With New York coming to Pittsburgh next, the Pirates knew that while time was on their side, they could slay the Giants with a successful series. The two heavyweights opened, of course, with a doubleheader. The Pirates took the opener 5-2 behind Kremer, but the Giants knocked Aldridge out of the first inning of the second game and coasted to a 7-1 win. The Cardinals gained ½ game by scoring two in the ninth to beat the Braves and move ahead of McGraw’s squad in the standings.
The Giants then stepped on Hill, who had beaten them five times during the season, 6-5, as the Pirates’ biggest winner tired in the seventh and Fred Lindstrom won the game with a basehit in the ninth. The win moved the Giants back in front of St. Louis and closed the gap between them and the Pirates to 2 ½ games.
New York drew even closer with another clutch victory the next day, tying the game at one in the ninth and scoring two in the tenth. Rookie Frankhouse won his fifth strait game for the Cards moving St. Louis also closer to the top.
The Pirates next opponent was the Cubs, who had put together a five game winning streak in hopes of a miracle finish. Aldridge starred in the first game, pitching a 2-1 victory and driving in a run in the seventh with a single. The Bucs completed the sweep by knocking out 26-game winner Root in the second game, winning 6-1. The losses officially eliminated Chicago, but the Cards kept pace by sweeping a double header from Boston. The Giants, meanwhile, had their game rained out after seven innings with no score, but again were forced to use up pitching.
That factor showed the next afternoon as the Phils pounded New York 9-2. The Cardinals took a 1 ½ game lead for second place by winning in thirteen innings, 2-1. While the Giants had been hurt by the rain, the Pirates found themselves aided by it as conditions caused their game to end after seven and sealed a tense 1-0 win for Miljus.
The Pirates beat the Cubs again on September 27, with Grantham’s homerun in the fifth being the key hit. Unable to give up any ground as St. Louis won their game 4-1 behind Alexander, Bush was forced to use his three best pitchers, Meadows, Hill and Kremer, to secure the win. New York stayed alive by beating the Phillies 6-2, then won the next day 5-4 in ten innings as the Giants were the only contender to play on September 28.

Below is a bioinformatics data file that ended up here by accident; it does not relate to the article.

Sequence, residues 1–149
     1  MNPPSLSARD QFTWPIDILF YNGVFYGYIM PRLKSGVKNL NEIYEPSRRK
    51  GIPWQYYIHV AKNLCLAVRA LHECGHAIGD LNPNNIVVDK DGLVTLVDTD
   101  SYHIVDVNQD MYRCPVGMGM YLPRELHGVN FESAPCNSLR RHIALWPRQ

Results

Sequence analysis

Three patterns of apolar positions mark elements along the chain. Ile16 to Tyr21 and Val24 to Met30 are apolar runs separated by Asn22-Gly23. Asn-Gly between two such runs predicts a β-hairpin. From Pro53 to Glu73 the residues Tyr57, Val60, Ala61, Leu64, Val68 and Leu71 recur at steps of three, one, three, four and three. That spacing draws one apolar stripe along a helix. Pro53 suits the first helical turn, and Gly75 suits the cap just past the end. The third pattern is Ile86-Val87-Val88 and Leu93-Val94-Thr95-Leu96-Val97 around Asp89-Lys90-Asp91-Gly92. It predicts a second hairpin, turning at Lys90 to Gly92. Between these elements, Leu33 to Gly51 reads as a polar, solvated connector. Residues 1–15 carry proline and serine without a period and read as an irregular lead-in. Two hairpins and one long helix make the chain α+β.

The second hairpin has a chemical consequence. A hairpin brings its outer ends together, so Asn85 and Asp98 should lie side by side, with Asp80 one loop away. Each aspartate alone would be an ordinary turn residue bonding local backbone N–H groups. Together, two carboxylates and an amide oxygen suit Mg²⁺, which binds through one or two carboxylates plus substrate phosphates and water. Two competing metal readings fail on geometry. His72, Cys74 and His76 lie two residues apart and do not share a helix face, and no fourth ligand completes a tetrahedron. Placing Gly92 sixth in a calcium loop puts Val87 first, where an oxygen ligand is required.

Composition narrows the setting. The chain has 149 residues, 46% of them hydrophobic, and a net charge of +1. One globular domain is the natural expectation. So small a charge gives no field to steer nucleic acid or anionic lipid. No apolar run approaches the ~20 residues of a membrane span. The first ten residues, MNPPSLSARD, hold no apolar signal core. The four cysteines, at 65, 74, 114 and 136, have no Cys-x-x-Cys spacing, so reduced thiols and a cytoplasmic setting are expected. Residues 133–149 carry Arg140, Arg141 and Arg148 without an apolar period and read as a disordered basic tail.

The next day, the Cardinals game against the Reds was the one in the spotlight as neither the Pirates or Giants played. Jackie May beat the Redbirds, 3-2.
The Reds seemed to be relishing their late role of spoiler as Red Lucas out-dueled Aldridge, 2-1 in the second to last game of the year, but New York was eliminated anyways when Brooklyn beat them 10-5. The Cards were idle as the season moved into its final day. A Pirate loss and St. Louis win would force the Cards to make up a previously postponed game and if they won their game the National League would end in a tie.
Pirate hitters tried to make it an easy day for the pitchers, scoring five runs in the first inning, but Kremer and Hill could not hold the Reds down. Finally, Miljus relieved and though he seemed to wobble at times, his teammates, led by Traynor’s three hits, continued to score. The Serbian hurler held on and the Pirates clinched their hard fought pennant 9-6.
The hardhitting Pirates ended up leading the circuit in average (.305) and runs (817). This more than compenstated for a pitching staff which was fifth in ERA (3.66, 0.01 percentage points behind Chicago) and lacked depth beyond its four main starters and Miljus.
The number one man for the Pirates was Paul Waner. He was chosen the league’s MVP on the strength of his league leading .380 average, 237 hits, 17 triples and 131 rbi’s. Waner’s rbi total remains the Pirates’ record. He also led the team with nine home runs and 40 doubles while while appearing in every one of his team’s games.
The man Paul had persuaded the Pirates to sign, his little brother Lloyd, finished the year with 223 hits and scored more runs (133) than anyone in the league. His .355 average was among the league leaders and he established himself as a far-ranging outfielder who utilized his speed well.
Traynor, who joined Paul Waner on The Sporting News National League All-Star Team, batted .342 with 106 rbi’s and struck out only 11 times all season. While Harris and Barnhart cooled considerably during the latter stages of the season, they hit .326 and .319 respectively. Grantham gave the Pirates a sixth .300 hitter in their lineup at .305.
Cuyler gave them one seemingly permanently glued to the bench as his final mark was .309 and he led the team with 20 stolen bases despite playing approximately half a season. Wright saw his average finish at a disappointing .281, but still knocked in over 100 runs.
Hill’s 22 wins led the club, but Kremer, at 19-8 may have been the teams’ best pitcher as he led the league with a 2.47 ERA. Meadows went 19-10 and Aldridge won 15 despite allowing 4.28 earned runs per game. Miljus in 76 innings over 19 games, went 8-3 with a 1.89 ERA, but the other pitchers failed to distinguish themselves. Those on the Pirates World Series roster went just 6-11. Although Cvengros posted a decent 3.33 ERA, Dawson’s was 4.44 and Yde’s a horrendous 9.60. It would not help in the World Series that the Pirates opponent would be the New York Yankees with a lineup so feared it hid the fact that the Yanks also had the best pitching staff in the league.
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- Barney Dreyfuss, Bill McKechnie, Carmen Hill, Clyde Barnhart, Don Songer, Donie Bush, Earl Smith, Ed Sicking, Emil Yde, George Gibson, George Grantham, Glenn Wright, Hal Rhyne, Heinie Groh, Jack Onslow, Joe Cronin, Joe Dawson, Joe Harris, Johnny Gooch, Johnny Miljus, Johnny Morrison, Kiki Cuyler, Lee Meadows, Lloyd Waner, Mike Cvengros, Paul Waner, Pie Traynor, Ray Kremer, Roy Spencer, Vic Aldridge